An Eco-Ed school year winds up at the ocean
By Marissa Ortega-Welch
Gathered in the cafeteria of their school at eight a.m. on a school day morning in June, the three third grade classes of Esperanza Elementary repeat after me, matching their hand motions to mine in a sort of a dance that they know well:
“Rain … Creek … Bay …. Ocean.”
“Can you do it faster?” I challenge them. “On the count of three…”
They barely wait for me to count: “Rain, creek, bay, ocean!”
During their year of Eco-Education programs with Golden Gate Bird Alliance, this chant has become a mantra for these Oakland third graders. They’ve learned that the rain fills the creeks, which empty into San Francisco Bay and then out to the ocean. They’ve visited creek and bay shoreline habitats on field trips to Knowland Park and Arrowhead Marsh. They’ve also learned through an interactive physical watershed model that I bring to their classroom that the storm drains in their city streets are connected to this system too and when trash enters the storm drain, it’s heading for the bay and ocean as well.
But many of these students, as well as the students in our Richmond and San Francisco programs, have never actually been to the ocean. That’s why we’re gathered here so early in the morning, along with about twenty parent chaperones and a handful of our dedicated Golden Gate Bird Alliance Eco-Ed volunteers.
Call us crazy, but we’re taking sixty third graders to the beach.
These beach field trips have always been a capstone for GGBA’ year-long Eco-Education program. Some of our schools go as a family field trip on a weekend – a wonderful opportunity both for families to spend time together in nature and for us as educators to reach beyond just our elementary school students. Other schools opt to visit the beach as a weekday school field trip so that all the students are able to attend, regardless of whether their parent can accompany them.
After a brief safety talk at the school with the students and parents, we board the three buses GGBA has chartered for Esperanza Elementary and begin the hour-long drive to Muir Beach in Marin. The students squeal in delight as we cross the bay from Richmond and see the Golden Gate Bridge in the distance.
We arrive at the beach in time for low tide. I always like to circle the students around the first rock we see and point out how from a distance it just looks like a rock but, as we come closer, we see it is actually covered with living organisms — barnacles, mussels, and snails.
The students seem doubtful when I tell them that all these things clinging to the rocks are living organisms, until a brave student reaches out to hold her finger against the soft green slimy flesh of an anemone and it moves. The kids jump up and down in amazement. We find anemones with crab legs sticking out of the centers and we all feel amazed. Even many parents and some teachers have never explored tidepool organisms and are fascinated to see the strange-looking creatures living on the rocks, learn a bit of their life history, and hear that yes, in fact these are living beings.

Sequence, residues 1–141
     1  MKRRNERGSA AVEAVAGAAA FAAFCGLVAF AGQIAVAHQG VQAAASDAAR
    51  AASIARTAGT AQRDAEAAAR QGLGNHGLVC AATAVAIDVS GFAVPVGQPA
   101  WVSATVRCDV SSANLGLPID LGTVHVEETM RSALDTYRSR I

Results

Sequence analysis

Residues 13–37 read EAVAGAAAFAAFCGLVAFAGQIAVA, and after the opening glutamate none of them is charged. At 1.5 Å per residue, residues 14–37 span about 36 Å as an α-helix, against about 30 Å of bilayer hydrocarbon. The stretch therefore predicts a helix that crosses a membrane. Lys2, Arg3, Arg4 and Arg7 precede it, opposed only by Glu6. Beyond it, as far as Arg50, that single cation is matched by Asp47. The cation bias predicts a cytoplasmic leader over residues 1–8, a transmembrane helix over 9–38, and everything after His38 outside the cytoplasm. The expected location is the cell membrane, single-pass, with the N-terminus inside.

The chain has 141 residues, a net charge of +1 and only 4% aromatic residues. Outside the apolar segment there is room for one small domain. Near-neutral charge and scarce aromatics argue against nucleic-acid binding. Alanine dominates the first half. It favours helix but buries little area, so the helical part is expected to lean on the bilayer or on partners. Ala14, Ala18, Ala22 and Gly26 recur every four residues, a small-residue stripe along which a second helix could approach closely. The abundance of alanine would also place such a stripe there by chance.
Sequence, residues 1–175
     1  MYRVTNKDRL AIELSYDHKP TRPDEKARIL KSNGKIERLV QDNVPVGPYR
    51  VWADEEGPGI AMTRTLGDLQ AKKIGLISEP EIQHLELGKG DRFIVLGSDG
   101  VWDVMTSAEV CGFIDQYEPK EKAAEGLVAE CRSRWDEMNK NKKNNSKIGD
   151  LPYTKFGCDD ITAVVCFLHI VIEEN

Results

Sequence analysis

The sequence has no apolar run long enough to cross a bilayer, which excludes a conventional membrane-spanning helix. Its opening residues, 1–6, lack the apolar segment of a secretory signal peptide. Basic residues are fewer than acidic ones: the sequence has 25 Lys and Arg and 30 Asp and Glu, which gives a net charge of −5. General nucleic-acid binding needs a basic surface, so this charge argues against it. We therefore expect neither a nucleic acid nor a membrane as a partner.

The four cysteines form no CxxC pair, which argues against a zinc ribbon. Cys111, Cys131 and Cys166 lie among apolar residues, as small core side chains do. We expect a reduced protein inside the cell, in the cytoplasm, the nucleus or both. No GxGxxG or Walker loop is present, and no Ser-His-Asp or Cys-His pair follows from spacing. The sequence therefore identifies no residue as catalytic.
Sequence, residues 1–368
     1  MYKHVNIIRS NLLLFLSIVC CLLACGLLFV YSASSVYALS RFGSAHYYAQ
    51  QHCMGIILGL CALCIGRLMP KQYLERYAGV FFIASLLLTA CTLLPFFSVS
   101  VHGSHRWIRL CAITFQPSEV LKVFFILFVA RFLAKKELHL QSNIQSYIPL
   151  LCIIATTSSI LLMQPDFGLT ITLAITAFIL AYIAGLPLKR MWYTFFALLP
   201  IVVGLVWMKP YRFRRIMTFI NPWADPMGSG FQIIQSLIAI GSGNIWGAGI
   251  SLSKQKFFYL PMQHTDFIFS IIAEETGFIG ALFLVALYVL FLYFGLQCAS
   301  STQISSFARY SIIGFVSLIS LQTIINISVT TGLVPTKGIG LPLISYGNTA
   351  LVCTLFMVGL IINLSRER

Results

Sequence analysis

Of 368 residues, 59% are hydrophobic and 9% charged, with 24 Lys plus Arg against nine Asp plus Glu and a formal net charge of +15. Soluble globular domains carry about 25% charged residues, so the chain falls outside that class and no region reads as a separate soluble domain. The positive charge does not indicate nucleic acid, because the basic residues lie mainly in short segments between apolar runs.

We’ve been taking families to Muir Beach for years and sea stars have always been a plentiful highlight for our families. But this year, there are very few of them. We’re not sure why – perhaps it’s a product of the mysterious sea star mass wasting (have as a link to below) that is being documented on beaches throughout the west coast. We were lucky to still have a few sea stars visible on the lowest tides of our beach visits this year. The students marvel at their colors and how hard and rough they feel.
But once the students discover that they can catch crabs among the rocks, they completely lose interest in everything else. We catch lined shore crabs, hermit crabs, and an occasional rock crab. I have one of the students draw a circle in the sand: It’s time for crab races. Not only is this a fun game, but it’s the only way I can get the students to put the crabs back in the habitat so that we can all go have lunch. We place the crabs in the center of the circle. The rock crabs and hermit crabs just sit there, but the lined shore crabs scuttle sideways quickly to the finish line while everyone cheers on their chosen one.
After a picnic lunch and sandcastle building, we hike up to the coastal bluffs above the beach to get a wider view of the ocean. Turkey Vultures and Red-tailed Hawks soar above us as we climb. On occasion we get lucky and see a California sea lion fishing in the surf, a harbor seal sunning on the rocks, or once even a grey whale hanging out in the cove.
Our beach field trip is a wonderful way to end the program. From time to time, I run into this year’s fifth and sixth graders at the school who remember the trip from when they were in third grade. One of our take-home messages from the Eco-Ed program is that the trash in our city streets ends up in the storm drains and then the ocean. What better way to inspire students to keep trash off our streets than take them out to the very habitat affected by our trash and show them how beautiful it can be?
On the bus ride home, the squealing is finally over because all the kids and parents have fallen asleep. I wish I could do the same. I need the rest. Tomorrow I’ll be meeting another group of sixty third graders at eight a.m. to do the same field trip again. I’m lucky that going to the beach is just another work day for me. For most of the students and even some of our parents, it’s a first-time and magical experience.